At twenty-three o'clock that night the Syrian priest went out to watch for the coming of the messenger from Tiberias. Nearly two hours previously he had heard the cry of the Russian volor that plied from Damascus to Tiberias, and Tiberias to Jerusalem, and even as it was the messenger was a little late.
These were very primitive arrangements, but Palestine was out of the world—a slip of useless country—and it was necessary for a man to ride from Tiberias to Nazareth each night with papers from Cardinal Corkran to the Pope, and to return with correspondence. It was a dangerous task, and the members of the New Order who surrounded the Cardinal undertook it by turns. In this manner all matters for which the Pope's personal attention was required, and which were too long and not too urgent, could be dealt with at leisure by him, and an answer returned within the twenty-four hours.
It was a brilliant moonlit night. The great golden shield was riding high above Thabor, shedding its strange metallic light down the long slopes and over the moor-like country that rose up from before the house-door—casting too heavy black shadows that seemed far more concrete and solid than the brilliant pale surfaces of the rock slabs or even than the diamond flashes from the quartz and crystal that here and there sparkled up the stony pathway. Compared with this clear splendour, the yellow light from the shuttered house seemed a hot and tawdry thing; and the priest, leaning against the door-post, his eyes alone alight in his dark face, sank down at last with a kind of Eastern sensuousness to bathe himself in the glory, and to spread his lean, brown hands out to it.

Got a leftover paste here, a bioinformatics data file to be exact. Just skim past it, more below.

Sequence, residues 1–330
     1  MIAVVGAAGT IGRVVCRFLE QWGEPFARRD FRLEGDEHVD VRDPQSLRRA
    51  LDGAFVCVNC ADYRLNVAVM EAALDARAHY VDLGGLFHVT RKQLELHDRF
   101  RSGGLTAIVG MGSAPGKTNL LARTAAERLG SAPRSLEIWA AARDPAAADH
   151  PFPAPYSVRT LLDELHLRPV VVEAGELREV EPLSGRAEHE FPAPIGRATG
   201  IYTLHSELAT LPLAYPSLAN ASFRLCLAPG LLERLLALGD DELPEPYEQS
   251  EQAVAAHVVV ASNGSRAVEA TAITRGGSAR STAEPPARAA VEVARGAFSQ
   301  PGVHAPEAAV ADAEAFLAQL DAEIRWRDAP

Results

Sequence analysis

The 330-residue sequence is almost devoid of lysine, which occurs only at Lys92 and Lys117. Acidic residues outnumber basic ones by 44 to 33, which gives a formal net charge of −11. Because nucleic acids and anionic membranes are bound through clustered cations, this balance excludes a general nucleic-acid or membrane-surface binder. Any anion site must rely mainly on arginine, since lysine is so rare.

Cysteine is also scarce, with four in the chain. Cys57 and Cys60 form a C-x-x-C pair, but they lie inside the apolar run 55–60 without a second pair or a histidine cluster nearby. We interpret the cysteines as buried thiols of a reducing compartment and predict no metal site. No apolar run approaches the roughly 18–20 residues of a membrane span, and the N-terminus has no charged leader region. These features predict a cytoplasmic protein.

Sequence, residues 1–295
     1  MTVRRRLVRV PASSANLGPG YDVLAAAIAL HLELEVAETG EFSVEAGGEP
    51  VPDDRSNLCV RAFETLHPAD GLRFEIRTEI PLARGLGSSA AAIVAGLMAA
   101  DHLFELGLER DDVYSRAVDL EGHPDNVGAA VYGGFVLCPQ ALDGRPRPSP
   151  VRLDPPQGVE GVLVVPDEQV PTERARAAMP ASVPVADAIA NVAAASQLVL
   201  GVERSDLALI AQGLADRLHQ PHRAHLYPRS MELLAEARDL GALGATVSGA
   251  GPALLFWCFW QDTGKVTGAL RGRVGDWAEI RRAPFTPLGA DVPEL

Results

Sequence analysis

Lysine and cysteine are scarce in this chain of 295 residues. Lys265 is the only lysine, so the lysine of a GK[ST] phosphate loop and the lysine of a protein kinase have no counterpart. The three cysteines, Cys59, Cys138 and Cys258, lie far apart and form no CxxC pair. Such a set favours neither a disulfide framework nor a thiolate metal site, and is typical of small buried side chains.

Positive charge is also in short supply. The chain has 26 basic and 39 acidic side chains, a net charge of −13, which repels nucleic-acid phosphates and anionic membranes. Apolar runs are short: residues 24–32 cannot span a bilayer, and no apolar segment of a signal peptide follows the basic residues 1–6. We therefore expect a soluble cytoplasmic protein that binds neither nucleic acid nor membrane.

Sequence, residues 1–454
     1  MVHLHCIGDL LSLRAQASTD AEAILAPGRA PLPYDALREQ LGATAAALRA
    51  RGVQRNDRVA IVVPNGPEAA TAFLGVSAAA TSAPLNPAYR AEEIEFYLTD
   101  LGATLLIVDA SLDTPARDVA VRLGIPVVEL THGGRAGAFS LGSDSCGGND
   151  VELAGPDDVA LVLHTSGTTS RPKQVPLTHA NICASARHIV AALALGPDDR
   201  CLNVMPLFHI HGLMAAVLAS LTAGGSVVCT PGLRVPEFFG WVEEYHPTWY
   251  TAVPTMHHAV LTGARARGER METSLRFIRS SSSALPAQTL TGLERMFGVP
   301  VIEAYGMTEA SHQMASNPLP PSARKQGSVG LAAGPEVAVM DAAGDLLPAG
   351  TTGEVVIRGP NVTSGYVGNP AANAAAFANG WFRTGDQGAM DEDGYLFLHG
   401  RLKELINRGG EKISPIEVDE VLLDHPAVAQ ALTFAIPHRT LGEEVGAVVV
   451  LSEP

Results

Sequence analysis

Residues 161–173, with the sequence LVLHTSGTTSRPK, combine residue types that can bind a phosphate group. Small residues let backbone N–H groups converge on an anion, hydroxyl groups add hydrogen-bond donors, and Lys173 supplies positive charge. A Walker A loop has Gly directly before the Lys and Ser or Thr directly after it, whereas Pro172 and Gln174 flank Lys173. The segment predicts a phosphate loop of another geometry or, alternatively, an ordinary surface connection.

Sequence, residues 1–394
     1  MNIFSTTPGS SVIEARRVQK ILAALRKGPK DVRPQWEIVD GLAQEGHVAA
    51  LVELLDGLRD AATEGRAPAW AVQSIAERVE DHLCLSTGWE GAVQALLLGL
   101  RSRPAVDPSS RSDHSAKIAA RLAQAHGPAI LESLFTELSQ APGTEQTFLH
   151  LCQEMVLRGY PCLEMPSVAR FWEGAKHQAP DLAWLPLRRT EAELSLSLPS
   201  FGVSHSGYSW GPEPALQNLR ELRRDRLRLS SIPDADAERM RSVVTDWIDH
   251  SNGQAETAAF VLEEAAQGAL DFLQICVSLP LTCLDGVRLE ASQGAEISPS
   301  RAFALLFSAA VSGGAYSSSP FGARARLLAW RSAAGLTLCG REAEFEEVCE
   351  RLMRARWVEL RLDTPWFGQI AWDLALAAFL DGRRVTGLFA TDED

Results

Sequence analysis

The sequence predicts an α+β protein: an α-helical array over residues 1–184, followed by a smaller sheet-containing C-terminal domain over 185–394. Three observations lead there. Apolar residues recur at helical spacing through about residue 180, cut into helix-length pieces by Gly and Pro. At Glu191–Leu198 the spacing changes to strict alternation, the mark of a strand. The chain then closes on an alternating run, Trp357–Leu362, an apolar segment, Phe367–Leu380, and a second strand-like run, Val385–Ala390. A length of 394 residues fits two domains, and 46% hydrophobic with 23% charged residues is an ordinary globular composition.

This was a very simple man, in faith as well as in life. For him there were neither the ecstasies nor the desolations of his master. It was an immense and solemn joy to him to live here at the spot of God's Incarnation and in attendance upon His Vicar. As regarded the movements of the world, he observed them as a man in a ship watches the heaving of the waves far beneath. Of course the world was restless, he half perceived, for, as the Latin Doctor had said, all hearts were restless until they found their rest in God. Quare fremuerunt gentes?… Adversus Dominum, et adversus Christum ejus! As to the end—he was not greatly concerned. It might well be that the ship would be overwhelmed, but the moment of the catastrophe would be the end of all things earthly. The gates of hell shall not prevail: when Rome falls, the world falls; and when the world falls, Christ is manifest in power. For himself, he imagined that the end was not far away. When he had named Megiddo this afternoon it had been in his mind; to him it seemed natural that at the consummation of all things Christ's Vicar should dwell at Nazareth where His King had come on earth—and that the Armageddon of the Divine John should be within sight of the scene where Christ had first taken His earthly sceptre and should take it again. After all, it would not be the first battle that Megiddo had seen. Israel and Amalek had met here; Israel and Assyria; Sesostris had ridden here and Sennacherib. Christian and Turk had contended here, like Michael and Satan, over the place where God's Body had lain. As to the exact method of that end, he had no clear views; it would be a battle of some kind, and what field could be found more evidently designed for that than this huge flat circular plain of Esdraelon, twenty miles across, sufficient to hold all the armies of the earth in its embrace? To his view once more, ignorant as he was of present statistics, the world was divided into two large sections, Christians and heathens, and he supposed them very much of a size. Something would happen, troops would land at Khaifa, they would stream southwards from Tiberias, Damascus and remote Asia, northwards from Jerusalem, Egypt and Africa; eastwards from Europe; westwards from Asia again and the far-off Americas. And, surely, the time could not be far away, for here was Christ's Vicar; and, as He Himself had said in His gospel of the Advent, Ubicumque fuerit corpus, illie congregabuntur et aquilae. Of more subtle interpretations of prophecy he had no knowledge. For him words were things, not merely labels upon ideas. What Christ and St. Paul and St. John had said—these things were so. He had escaped, owing chiefly to his isolation from the world, that vast expansion of Ritschlian ideas that during the last century had been responsible for the desertion by so many of any intelligible creed. For others this had been the supreme struggle—the difficulty of decision between the facts that words were not things, and yet that the things they represented were in themselves objective. But to this man, sitting now in the moonlight, listening to the far-off tap of hoofs over the hill as the messenger came up from Cana, faith was as simple as an exact science. Here Gabriel had descended on wide feathered wings from the Throne of God set beyond the stars, the Holy Ghost had breathed in a beam of ineffable light, the Word had become Flesh as Mary folded her arms and bowed her head to the decree of the Eternal. And here once more, he thought, though it was no more than a guess—yet he thought that already the running of chariot-wheels was audible—the tumult of the hosts of God gathering about the camp of the saints—he thought that already beyond the bars of the dark Gabriel set to his lips the trumpet of doom and heaven was astir. He might be wrong at this time, as others had been wrong at other times, but neither he nor they could be wrong for ever; there must some day be an end to the patience of God, even though that patience sprang from the eternity of His nature. He stood up, as down the pale moonlit path a hundred yards away came a pale figure of one who rode, with a leather bag strapped to his girdle.